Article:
CHAMPAIGN, Ill. Researchers have identified a protein long known to regulate gene expression as a potent suppressor of breast cancer growth. Their study, in the journal Oncogene, is the first to demonstrate how this protein, known as Runx3, accomplishes this feat.
"People suggested that Runx3 might be a tumor suppressor in breast cancer because they found that it is down-regulated in a lot of breast cancer cell lines and breast cancer tissues," said University of Illinois medical biochemistry professor Lin-Feng Chen, who led the study. But no previous studies uncovered direct evidence to support that idea, he said.
In the new study, Chen and his colleagues at Nagasaki University discovered that a significant proportion of mice lacking one of two Runx3 genes spontaneously developed mammary gland tumors at 14 or 15 months of life an age corresponding to age 40 to 50 in humans.
"We found mammary tumors growing in about 20 percent of the female mice lacking a copy of the Runx3 gene," Chen said. None of the mice with two normal copies of the gene developed tumors.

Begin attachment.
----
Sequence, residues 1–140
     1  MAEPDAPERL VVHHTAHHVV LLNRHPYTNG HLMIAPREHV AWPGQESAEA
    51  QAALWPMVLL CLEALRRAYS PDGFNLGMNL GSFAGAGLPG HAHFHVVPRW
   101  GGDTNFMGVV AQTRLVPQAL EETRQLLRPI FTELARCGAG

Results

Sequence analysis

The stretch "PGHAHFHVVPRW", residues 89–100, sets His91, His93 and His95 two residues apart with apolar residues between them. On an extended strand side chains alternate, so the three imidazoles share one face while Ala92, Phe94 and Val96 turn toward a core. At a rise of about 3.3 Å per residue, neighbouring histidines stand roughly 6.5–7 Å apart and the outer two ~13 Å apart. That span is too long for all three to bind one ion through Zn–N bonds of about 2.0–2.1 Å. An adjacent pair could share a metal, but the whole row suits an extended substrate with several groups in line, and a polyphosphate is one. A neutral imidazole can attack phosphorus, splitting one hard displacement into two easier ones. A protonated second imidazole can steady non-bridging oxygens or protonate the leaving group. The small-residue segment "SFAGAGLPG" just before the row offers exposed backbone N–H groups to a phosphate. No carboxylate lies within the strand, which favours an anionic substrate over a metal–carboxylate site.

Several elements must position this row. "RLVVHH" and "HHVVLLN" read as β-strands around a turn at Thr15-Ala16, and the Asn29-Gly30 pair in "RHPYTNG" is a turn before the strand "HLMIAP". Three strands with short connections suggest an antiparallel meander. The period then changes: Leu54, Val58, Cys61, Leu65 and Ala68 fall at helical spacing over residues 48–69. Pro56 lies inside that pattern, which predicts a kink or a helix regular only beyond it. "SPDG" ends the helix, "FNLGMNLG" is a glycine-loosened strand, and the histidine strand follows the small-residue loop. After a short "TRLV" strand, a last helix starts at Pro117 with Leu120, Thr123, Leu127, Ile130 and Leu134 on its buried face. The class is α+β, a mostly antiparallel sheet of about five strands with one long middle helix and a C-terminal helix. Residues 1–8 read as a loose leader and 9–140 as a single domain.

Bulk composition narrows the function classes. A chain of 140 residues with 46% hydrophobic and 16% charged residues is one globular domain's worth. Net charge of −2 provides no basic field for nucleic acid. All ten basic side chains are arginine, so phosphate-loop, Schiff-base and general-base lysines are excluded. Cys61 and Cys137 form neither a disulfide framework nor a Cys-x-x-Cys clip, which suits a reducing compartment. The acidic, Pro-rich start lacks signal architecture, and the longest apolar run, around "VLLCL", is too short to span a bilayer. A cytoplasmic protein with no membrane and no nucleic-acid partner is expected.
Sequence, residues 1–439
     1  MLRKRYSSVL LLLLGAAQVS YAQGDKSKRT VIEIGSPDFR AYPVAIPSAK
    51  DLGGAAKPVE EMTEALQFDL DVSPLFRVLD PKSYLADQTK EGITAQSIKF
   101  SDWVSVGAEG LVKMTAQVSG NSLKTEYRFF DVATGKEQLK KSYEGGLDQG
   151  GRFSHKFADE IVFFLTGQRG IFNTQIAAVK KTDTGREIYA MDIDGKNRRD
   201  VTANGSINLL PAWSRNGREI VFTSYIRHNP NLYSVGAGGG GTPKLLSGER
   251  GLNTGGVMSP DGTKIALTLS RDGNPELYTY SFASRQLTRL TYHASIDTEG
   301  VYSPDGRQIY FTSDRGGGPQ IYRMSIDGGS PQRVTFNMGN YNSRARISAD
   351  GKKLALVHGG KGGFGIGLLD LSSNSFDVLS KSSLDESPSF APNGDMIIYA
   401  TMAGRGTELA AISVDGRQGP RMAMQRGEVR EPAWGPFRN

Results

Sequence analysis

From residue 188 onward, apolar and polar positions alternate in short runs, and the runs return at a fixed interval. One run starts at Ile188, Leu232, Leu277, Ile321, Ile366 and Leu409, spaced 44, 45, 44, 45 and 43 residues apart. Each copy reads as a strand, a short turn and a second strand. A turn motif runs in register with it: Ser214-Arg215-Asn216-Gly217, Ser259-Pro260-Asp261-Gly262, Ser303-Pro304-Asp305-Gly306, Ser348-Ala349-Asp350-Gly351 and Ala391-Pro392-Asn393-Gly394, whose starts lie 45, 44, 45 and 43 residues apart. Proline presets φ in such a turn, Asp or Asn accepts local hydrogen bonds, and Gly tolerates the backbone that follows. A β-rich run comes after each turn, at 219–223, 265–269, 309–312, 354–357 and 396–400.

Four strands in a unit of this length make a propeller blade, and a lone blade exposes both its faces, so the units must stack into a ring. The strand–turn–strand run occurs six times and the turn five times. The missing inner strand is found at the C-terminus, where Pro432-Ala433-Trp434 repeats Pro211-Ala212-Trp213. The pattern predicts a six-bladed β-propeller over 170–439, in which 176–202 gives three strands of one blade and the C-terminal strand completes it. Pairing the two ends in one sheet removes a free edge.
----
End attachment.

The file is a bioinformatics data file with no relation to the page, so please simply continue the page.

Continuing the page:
The researchers also found that estrogen receptor alpha (ER-alpha), a well-known culprit in the development of many breast tumors, was up-regulated in the mouse tumors. ER-alpha is overexpressed in about 75 percent of human cases of breast cancer, and enhanced ER-alpha expression in normal breast tissue is associated with an increased risk of breast cancer, Chen said.
Circulating estrogen binds to ER-alpha and initiates a chain of events that alter gene expression in the targeted cell. This is a normal part of cellular signaling, but in ER-positive breast cancers, the overexpression of ER-alpha leads to enhanced tumor cell survival, growth and proliferation.
The researchers found that when Runx3 was re-introduced into ER-alpha positive breast cancer cell lines, it suppressed the g
|Contact: Diana Yates|
University of Illinois at Urbana-Champaign